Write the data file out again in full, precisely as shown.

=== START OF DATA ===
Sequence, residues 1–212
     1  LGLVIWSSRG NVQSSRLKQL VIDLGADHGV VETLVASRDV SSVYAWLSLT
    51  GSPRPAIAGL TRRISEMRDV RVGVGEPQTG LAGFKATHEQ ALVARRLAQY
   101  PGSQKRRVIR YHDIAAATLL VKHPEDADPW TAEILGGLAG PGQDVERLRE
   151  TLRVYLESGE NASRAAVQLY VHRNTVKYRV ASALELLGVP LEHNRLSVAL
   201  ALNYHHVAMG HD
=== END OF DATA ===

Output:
Sequence, residues 1–212
     1  LGLVIWSSRG NVQSSRLKQL VIDLGADHGV VETLVASRDV SSVYAWLSLT
    51  GSPRPAIAGL TRRISEMRDV RVGVGEPQTG LAGFKATHEQ ALVARRLAQY
   101  PGSQKRRVIR YHDIAAATLL VKHPEDADPW TAEILGGLAG PGQDVERLRE
   151  TLRVYLESGE NASRAAVQLY VHRNTVKYRV ASALELLGVP LEHNRLSVAL
   201  ALNYHHVAMG HD